Is an older Benz a good "investment"? - Page 3 - Mercedes-Benz Forum

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post #21 of 38 (permalink) Old 06-20-2012, 02:59 PM
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Is an older Benz a good "investment"?

Hard to say. As others have said here, it depends on the model.
I have a W210 E50 AMG that I've owned for a year now. I use it as a daily driver in the summer months, and it has been absolutely bullet proof. Not a single item requiring maintenance.
I also have an E31 BMW, which is slightly older, but has been a complete disaster. The parts I have replaced stretches to several pages now, from control arms to intake gaskets, to O2 sensors to... and it still doesn't idle smoothly.
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post #22 of 38 (permalink) Old 06-20-2012, 04:53 PM
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wow !!, sounds like everybody is drinking the extra strong coffee today
joining the therapy of this thread, I too am inveterate older MB fan, especially diesels
As my 30 yr daily driver, 82 300CD, was recently totaled by a drunk rear ender
I too had to decide wether to replace it or not
arguably, the 300 series diesels are among the best engineered vehicles MB ever designed, to this day.
especially the "federal" 81' to 85's with turbo, ( not the Calif 85' )
I personally think the CD's are also the most timeless visually
so like several of you,
I found a rust free example that needed significant mechanical work
after 4 months of dedication, not only do I have again a car that can go to Jupiter & back
I even converted the auto trans to 4 speed manual
( as one might properly expect to pair with a diesel )
several times I was on the verge of giving up, and yes, it costs more than you ever plan
but now that everything except the final cosmetics are done
it is sheer pleasure to drive
( except in heavy traffic, then it's like rowing a Greyhound bus )
so is it worth it ?
absolutely, anything worth doing is worth over doing
so for about the same final price as something you can drive off a dealers lot
you end up with a vehicle that with maintenance, lasts 3 to 4 times longer easily
and is much more survivable in case some SOB plows into you
good luck

and from the never expected to hear something like this here category:
"at least the repo men won't be able to swing a dead cat at the Benz!"
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post #23 of 38 (permalink) Old 06-20-2012, 05:00 PM
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There are a lot of ways to look at an old car. I had an MG (1980 B model) as a third car. It cost $5000, but it was clean. I had the car for 12 years and put another $6000 into the car. The second number is the total of insurance ($123 per year antique), repairs, tires, everything. I sold the car for $1000 last year, so the total cost of ownership for the dependable runner was $833 per year. You cannot get much cheaper than that for any kind of car (drove about 4-5000 miles per year.

I thought about totally restoring the car with me doing a lot of work would have been $15-17,000, and the car in the end would have been worth $6-8000. This is nonsense. So, I put my thinking cap on, and said, this is what I want in a car (I am 67). A convertible, air-conditioning, and an auto transmission. One day I stumbled on a 1983 Mercedes 240D online (I had a 300D, which was my second of many Mercedes. The 240 had a sunroof, auto trans and a broken A/C compressor, and was being sold by this guy in Miami. I overpaid, perhaps, but I drove to Chicago at 55 MPH with its totally shot front end, and trans slipping when taking off. So, I sold a 2000 Grand Marquis to Carmax for $3000 plus a $1000 for the MG, and came out of pocket another $800 or so, and set out for Chicago on a prayer.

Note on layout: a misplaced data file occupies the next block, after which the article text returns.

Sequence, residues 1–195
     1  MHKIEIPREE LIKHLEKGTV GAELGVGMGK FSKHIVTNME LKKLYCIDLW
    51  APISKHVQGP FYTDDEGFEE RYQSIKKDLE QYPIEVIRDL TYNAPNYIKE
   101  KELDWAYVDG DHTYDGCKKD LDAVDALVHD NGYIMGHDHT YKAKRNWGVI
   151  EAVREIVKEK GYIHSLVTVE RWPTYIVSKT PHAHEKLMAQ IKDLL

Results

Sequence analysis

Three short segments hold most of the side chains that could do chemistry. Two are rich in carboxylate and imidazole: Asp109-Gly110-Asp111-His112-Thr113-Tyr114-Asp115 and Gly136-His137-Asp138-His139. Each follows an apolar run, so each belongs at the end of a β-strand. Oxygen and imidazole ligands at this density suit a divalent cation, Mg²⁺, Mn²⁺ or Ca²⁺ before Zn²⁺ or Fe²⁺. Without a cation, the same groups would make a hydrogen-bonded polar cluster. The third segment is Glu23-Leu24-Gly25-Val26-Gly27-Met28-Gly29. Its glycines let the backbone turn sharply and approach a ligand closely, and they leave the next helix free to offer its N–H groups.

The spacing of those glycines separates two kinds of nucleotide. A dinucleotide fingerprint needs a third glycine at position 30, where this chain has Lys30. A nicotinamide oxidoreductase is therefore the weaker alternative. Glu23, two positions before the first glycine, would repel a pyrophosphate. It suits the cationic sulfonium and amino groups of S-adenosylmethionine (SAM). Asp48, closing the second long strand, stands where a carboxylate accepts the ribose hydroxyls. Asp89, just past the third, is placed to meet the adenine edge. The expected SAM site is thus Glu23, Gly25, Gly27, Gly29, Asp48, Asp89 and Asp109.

I have put another $3000 into the car for a totally new front end, less springs plus me doing a ton of work on the car. New front tires, new brake master cylinder and reservoir, cleaned the fuel tank and lines, new rear callipers, and much more. My thinking at this point is this. My insurance is $125 (again antique) per year, plus I am getting twice the mileage of the Marquis, for a total savings per year (over the Marquis) for fuel and insurance of about $1,400. I have a list of parts I need to finish the job (another $1000), and will use the savings to pay for them over the next two years. I want to drive the car in case of any disasters, so I am taking my time. I have $8,000 in the car including hundreds in tools, and am still not a ton different than the MG at this point. I am getting about 29 MPG driving around town, and not much more on the road. This second number will improve with timing and new injectors. I should also state that my insurance company is insuring the car for an agreed amount of $11,000 for both comprehensive and collision. If it happened, I would profit $3,000, but it would be a very sad day.

There are a lot of these cars out in California, and some in Florida. If you do it, only buy cars with no rust, and you should be happy for a long time. I took a little chance with mine, as I never had the compression checked before the purchase, although it starts instantly and little particulates to be seen in the daytime. I now know that the compression is good, as I tried to turn it over at the power steering bolt when doing the valve adjustment. Wouldn't budge, and I won't try that again. You want to check the compression because the engine is the only big number if there is a problem.